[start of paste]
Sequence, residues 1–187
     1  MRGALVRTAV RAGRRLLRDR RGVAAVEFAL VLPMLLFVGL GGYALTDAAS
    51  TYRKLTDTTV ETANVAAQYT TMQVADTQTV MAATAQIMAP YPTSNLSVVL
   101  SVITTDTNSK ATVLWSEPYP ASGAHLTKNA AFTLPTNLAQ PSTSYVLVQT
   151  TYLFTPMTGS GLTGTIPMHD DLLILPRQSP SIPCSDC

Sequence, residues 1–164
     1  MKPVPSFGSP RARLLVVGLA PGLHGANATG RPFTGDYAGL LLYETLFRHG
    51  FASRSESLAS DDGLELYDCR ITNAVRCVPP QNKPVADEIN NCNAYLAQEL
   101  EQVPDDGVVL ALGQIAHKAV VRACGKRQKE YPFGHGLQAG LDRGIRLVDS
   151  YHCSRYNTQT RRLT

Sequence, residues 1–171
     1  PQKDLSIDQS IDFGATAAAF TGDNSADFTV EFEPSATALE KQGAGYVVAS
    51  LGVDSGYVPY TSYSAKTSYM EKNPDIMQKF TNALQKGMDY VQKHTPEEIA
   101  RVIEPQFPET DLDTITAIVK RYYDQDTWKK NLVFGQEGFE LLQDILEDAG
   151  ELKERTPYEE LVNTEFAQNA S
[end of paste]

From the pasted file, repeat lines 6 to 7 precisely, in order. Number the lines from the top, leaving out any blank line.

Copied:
Sequence, residues 1–164
     1  MKPVPSFGSP RARLLVVGLA PGLHGANATG RPFTGDYAGL LLYETLFRHG